Category Archives: authorship

Flickr Museums

Over the course of the Fall 2010 semester Museum Lab students worked in four teams of three to invent and develop fictional museums using Flickr. This experimental format supplanted the Lab’s more traditional design assignment as the majority of students were non-design grads from Media Studies, History of Decorative Arts and Fine Arts. The aim was to see if we could practice the internal functions of the museum – including collection, conservation, interpretation, education and exhibition – using Flickr’s editorial and content management features.

While Flickr did seem at times to be a bit of an antiquated program, and lacking in participatory features of more popular social networking sites it did provide an environment for discussing a wide range of very general museum issues in an an abstract and easy to manipulate surrogate to a real museum. Questions explored included: What is a mission statement? How does mission relate to a collecting policy? How do you create and manage metadata to sort and access information? What editorial decisions are involved in creating a thematic exhibition? How can we effectively use the tools of social networking including collaborative and participatory modes of interaction, user generated tags and comments? How does the from and functions of a networked media environment influence the reading of the content?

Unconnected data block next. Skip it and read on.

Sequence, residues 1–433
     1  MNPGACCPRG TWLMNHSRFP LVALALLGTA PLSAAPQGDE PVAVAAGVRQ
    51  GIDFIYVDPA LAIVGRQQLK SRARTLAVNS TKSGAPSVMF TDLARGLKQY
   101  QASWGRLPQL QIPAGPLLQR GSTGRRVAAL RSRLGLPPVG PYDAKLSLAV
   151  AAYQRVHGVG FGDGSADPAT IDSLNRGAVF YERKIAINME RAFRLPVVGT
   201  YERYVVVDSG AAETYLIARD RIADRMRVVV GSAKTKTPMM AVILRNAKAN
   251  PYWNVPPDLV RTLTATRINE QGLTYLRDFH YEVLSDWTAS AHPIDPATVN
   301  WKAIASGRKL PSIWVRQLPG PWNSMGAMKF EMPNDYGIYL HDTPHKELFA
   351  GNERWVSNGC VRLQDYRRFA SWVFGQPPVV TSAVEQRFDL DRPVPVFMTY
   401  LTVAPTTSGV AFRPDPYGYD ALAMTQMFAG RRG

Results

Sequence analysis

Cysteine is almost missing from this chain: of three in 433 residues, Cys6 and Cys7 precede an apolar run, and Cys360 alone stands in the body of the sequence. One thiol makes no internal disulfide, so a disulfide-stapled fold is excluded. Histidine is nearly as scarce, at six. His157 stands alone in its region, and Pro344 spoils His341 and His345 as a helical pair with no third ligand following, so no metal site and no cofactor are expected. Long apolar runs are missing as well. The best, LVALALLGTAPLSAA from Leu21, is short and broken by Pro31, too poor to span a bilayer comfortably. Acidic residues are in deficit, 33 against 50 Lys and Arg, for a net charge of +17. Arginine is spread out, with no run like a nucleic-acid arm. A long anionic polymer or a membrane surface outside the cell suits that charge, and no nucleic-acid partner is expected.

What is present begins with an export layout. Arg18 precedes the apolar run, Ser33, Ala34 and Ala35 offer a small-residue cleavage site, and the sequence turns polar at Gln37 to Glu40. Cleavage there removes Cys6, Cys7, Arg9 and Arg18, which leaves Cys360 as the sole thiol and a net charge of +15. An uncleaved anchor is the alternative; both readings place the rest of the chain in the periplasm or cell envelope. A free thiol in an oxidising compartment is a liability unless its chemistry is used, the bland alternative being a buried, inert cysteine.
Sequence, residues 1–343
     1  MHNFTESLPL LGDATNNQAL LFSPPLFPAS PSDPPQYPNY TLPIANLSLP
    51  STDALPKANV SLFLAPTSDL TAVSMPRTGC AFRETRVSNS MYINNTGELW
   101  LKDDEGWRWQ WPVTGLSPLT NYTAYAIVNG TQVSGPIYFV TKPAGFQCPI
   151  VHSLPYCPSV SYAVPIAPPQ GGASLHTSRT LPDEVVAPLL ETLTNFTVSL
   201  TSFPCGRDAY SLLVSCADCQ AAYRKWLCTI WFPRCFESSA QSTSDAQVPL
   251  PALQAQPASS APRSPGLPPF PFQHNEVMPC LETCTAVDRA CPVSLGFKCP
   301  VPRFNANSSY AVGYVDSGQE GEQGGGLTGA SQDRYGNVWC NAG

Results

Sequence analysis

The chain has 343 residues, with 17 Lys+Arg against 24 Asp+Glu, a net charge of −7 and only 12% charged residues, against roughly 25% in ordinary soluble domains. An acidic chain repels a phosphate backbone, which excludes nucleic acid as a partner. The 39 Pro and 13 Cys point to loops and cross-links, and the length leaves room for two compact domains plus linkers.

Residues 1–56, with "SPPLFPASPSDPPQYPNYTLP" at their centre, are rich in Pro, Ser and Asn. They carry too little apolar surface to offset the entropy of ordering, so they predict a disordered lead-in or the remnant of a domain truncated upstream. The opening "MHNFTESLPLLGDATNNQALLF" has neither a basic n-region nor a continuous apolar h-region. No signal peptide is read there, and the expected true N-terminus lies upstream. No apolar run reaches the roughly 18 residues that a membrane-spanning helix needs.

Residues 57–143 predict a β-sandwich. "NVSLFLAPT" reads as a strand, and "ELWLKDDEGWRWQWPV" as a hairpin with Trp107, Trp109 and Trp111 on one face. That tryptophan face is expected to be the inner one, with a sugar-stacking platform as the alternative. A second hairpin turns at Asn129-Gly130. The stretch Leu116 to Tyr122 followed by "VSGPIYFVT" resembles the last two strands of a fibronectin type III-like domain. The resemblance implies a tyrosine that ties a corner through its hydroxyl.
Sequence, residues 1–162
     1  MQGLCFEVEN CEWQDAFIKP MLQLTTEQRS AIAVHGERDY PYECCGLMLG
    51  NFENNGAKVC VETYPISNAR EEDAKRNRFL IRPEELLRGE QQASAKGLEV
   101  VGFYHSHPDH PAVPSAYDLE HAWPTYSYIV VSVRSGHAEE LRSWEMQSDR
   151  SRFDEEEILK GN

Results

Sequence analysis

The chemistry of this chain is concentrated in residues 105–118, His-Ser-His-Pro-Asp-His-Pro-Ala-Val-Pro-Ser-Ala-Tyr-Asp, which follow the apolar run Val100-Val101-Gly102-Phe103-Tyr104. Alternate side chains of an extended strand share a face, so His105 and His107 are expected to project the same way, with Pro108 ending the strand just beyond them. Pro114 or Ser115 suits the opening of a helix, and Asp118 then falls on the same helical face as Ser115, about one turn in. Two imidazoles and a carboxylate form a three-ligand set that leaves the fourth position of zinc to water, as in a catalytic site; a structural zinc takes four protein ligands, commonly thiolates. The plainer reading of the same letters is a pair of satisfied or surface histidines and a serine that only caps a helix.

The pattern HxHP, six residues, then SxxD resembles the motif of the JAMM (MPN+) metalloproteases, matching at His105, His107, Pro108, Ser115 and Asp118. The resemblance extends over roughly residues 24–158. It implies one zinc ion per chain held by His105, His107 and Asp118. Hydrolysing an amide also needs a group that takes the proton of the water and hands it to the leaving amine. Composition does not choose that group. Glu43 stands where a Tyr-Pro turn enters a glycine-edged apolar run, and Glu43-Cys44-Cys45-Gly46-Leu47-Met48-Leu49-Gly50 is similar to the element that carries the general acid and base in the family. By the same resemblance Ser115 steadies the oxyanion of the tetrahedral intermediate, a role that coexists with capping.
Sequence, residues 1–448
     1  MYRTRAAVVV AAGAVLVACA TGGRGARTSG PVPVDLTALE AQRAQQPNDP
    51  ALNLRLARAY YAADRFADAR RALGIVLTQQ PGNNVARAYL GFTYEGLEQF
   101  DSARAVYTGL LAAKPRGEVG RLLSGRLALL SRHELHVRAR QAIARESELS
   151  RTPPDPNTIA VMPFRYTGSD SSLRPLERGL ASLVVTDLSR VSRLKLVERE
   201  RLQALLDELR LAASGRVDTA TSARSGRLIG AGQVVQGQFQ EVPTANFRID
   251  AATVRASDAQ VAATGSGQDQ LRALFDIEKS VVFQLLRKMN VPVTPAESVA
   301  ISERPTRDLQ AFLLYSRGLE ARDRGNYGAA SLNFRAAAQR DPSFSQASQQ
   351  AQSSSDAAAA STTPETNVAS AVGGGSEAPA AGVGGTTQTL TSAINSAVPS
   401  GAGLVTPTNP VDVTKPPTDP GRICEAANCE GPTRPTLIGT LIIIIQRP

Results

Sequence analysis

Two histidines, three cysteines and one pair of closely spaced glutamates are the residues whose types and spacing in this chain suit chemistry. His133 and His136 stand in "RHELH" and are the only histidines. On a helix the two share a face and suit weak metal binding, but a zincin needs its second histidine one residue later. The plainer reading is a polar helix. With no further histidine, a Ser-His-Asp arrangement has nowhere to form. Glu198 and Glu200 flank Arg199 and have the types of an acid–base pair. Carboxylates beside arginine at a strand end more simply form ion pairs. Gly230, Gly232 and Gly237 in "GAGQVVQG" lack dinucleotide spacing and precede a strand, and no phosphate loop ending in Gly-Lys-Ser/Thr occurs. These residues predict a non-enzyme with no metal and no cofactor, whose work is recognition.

Salon de Refuse: A Trash Museum
A museum of re-purposed objects and materials for the creation of new works of art. The Salon de Refuse derives its name from late 19th Century Parisian Salon Refusés that was founded by artists who were refused by jury of the officially sanctioned Paris Salon.
Students: Michelle Jackson, Ryan Massey, Logan Sibrel.

Gotham City Street Art Museum
This Street Art Museum creates an online site for exploring graffitti, painted murals, paste-ups and other ephemeral urban artistic practices in public space.
Students: Tori Jones, Jayme Elterman, Kadie Yale

The Play and Learn Collection: Toys that Influence
This museum explores the effects of designed objects on early childhood development including gender roles, race, occupation and identity.
Students: Meagan Elevado, Racini Andres, Ruby Hoette.

New Yorker’s Tribute Museum
The Tribute Museum explores the space of memory archives the many often unoticed memorials and monuments in New York, including spontaneous acts of memorialization, tribute tattoos, and municipally sponsored memorial installations.
Students: Sinnead Lawler, Livia Di Mario, Jessica Peterson.